Jethmalani argued that the present speaker, was elected on the floor of the house by a majority and the decision of a full house cannot be reviewed judicially. He submitted that a constitutionally elected speaker must decide on the disqualification and not the court.

Solicitor General’s questions of law:

Solicitor General of India Tushar Mehta put forth certain questions of law for the court’s consideration. He clarified that he was assisting the court as the canvass of constitutional questions arising in the dispute is broad.

  1. Whether the action of the Governor in inviting a person to form the Government, who claimed and then demonstrated a confidence of the majority members of the House, consisting of the parties having an undisputable pre- poll alliance and who does not suffer from any disqualification in law, can be subjected to judicial review.
  2. Whether the Xth Schedule is framed to curb the evil of unprincipled defection and not to be misutilised to annihilate intra-party democracy and healthy discussion and not to curtail freedom of expression by elected members within the party.
  3. Does the Xth Schedule permits en mass defection of the entire political party defying the wish of the electorate and prohibit even majority members of such defected party to exercise their freedom of expression against such defection within a party itself?
  4. Does the Xth Schedule offends Article 19(1)(a) if it is read to curb expression of views democratically within the fold of the party against the confidence or no-confidence of leaders of such political parties?
  5. The questions of disqualifications are to be adjudicated based upon mixed questions of law and facts by a constitutional functionary i.e. the Speake who is expected to know on-ground political situation. Can the constitutional court, either under Article 226 or under Article 32 read with Article 142, directly take up such adjudication by passing the constitutional functionary itself?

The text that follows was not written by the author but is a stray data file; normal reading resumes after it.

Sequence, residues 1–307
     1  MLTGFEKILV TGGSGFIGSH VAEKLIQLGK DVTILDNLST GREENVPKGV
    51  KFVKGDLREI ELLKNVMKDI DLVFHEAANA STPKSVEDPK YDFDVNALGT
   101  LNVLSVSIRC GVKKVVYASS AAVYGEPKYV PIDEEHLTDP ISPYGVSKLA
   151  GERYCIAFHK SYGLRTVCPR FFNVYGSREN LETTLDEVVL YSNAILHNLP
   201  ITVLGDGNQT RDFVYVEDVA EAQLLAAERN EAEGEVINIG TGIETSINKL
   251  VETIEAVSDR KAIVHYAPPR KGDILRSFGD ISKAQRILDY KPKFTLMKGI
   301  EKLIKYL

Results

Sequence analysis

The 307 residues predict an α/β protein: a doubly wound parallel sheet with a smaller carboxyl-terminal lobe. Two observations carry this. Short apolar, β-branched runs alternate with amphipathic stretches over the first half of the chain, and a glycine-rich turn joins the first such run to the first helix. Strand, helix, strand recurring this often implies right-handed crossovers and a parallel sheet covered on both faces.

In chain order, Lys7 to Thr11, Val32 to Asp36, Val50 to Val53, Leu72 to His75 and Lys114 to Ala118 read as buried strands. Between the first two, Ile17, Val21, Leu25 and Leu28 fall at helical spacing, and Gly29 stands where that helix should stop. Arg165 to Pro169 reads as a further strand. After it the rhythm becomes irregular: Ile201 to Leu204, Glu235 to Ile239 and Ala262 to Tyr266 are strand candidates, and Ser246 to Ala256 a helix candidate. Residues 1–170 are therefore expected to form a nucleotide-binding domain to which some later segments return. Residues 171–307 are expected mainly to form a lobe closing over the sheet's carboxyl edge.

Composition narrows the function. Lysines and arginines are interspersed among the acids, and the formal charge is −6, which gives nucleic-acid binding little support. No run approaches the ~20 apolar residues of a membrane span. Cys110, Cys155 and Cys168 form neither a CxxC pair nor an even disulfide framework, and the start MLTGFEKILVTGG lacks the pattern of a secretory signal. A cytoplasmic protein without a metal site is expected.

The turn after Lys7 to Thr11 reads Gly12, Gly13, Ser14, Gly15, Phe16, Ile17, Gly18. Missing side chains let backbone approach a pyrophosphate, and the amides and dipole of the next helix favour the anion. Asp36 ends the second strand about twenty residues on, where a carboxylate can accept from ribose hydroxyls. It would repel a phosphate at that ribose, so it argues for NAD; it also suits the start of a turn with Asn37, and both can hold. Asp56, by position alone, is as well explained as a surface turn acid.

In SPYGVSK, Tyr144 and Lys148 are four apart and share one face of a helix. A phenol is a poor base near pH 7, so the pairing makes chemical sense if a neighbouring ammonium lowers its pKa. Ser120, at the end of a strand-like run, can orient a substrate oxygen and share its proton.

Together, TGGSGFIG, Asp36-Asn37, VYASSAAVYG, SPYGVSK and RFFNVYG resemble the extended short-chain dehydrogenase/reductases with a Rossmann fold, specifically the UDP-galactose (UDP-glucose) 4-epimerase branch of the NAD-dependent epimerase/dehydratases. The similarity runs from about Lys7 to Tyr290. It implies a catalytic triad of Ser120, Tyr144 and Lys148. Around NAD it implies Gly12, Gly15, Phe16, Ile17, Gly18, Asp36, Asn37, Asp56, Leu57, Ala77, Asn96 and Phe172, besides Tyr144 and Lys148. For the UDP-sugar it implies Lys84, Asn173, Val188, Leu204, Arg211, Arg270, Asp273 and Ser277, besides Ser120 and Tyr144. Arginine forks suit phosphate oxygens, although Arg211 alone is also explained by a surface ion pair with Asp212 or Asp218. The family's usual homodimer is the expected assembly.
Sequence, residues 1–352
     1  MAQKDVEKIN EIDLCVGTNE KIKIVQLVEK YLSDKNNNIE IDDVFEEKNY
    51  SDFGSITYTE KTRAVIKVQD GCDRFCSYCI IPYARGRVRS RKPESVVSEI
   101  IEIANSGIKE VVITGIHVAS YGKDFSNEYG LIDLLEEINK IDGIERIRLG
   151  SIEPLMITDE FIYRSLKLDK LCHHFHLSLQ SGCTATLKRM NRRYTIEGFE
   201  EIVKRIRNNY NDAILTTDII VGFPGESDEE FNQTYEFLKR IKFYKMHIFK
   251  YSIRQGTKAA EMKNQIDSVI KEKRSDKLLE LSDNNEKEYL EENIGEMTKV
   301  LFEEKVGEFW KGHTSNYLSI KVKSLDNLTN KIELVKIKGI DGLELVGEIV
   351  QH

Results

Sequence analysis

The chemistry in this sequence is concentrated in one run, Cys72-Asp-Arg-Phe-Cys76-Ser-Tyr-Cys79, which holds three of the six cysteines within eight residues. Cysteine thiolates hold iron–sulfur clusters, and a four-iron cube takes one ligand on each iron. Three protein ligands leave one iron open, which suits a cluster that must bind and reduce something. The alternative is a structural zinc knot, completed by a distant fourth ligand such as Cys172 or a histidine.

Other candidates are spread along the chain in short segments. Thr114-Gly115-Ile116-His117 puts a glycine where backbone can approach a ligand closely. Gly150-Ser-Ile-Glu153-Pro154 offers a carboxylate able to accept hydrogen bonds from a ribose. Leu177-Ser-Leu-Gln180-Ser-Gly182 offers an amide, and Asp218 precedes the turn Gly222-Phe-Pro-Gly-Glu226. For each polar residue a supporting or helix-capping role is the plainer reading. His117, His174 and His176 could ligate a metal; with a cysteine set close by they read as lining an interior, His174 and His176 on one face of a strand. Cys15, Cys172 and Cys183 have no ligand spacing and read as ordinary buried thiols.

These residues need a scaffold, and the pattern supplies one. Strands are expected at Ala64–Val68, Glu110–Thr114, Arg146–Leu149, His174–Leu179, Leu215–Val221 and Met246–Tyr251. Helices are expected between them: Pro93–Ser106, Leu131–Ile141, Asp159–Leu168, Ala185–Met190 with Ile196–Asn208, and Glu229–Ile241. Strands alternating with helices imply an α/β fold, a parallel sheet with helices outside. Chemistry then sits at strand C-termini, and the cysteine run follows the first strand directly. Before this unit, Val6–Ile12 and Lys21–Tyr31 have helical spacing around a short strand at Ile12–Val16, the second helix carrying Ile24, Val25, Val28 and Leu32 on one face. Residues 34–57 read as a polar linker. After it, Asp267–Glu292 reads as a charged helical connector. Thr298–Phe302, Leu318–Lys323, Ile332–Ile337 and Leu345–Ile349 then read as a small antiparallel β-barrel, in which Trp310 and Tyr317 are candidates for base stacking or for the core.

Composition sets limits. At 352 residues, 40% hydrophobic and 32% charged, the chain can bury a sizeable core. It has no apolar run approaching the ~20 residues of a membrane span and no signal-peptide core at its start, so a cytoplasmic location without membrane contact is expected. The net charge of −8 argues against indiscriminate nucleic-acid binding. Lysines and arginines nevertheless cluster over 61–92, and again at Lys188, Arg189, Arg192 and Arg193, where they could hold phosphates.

The bench, headed by Chief Justices of India and consisting of Justices Krishna Muruai and Hima Kohli have asked Senior Counsel Harish Salve to re-draft their submissions countering the petitions filed by the Uddhav camp by tomorrow. The matter will now come up for hearing tomorrow (August 4, 2022) 

In June, Eknath Shinde had moved the Supreme Court seeking direction to the Deputy Speaker to not take any action in the Disqualification Petition moved by Shiv Sena, seeking disqualification of Shinde and other MLAs.

A vacation bench of Justices Surya Kant and Pardiwala had extended the time granted by Deputy Speaker to  Eknath Shinde and other MLAs to file their response in their disqualification petition. 

Sunil Prabhu, the erstwhile Chief Whip of Shivsena and a Member of the Maharashtra Legislative Assembly had moved the Supreme Court under Article 32 of the Constitution challenging the Governor's communication to hold a floor test on June 30, 2022. The Supreme Court, however, refused to stay the floor test in Maharashtra on June 30, 2022. 

After the hearing in Supreme Court on June 29, 2022, Bharat Gogawale, the Shivsena MLA from Mahad, filed an application seeking to suspend Eknath Shinde and other 'delinquent MLAs' from the membership of the Maharashtra Legislative Assembly, as an interim measure, till their disqualification petitions are finally decided. The vacation bench, however, refused the urgent listing of the plea. 

Eknath Shinde took oath as the Chief Minister of Maharashtra on June 30, 2022. Subsequently, on July 3, 2022, a floor test was conducted and he emerged successful. His camp moved a plea for disqualification of Shiv Sena MLAs, who did not vote for Shinde at the floor test. 

On July 11, 2022, Supreme Court orally asked the Maharashtra Legislative Assembly Speaker to not decide matters pertaining to the disqualification of the Maharashtra Legislative Assembly Members till the petitions that were filed by the delinquent MLAs of Shiv Sena challenging the disqualification proceedings are pending before the Apex Court. The Uddhav camp has also challenged the decision of the Governor to appoint Shinde as the Chief Minister. 

Case title: Sunil Prabhu Vs Principal Secretary, Governor of Maharashtra and a batch of petitions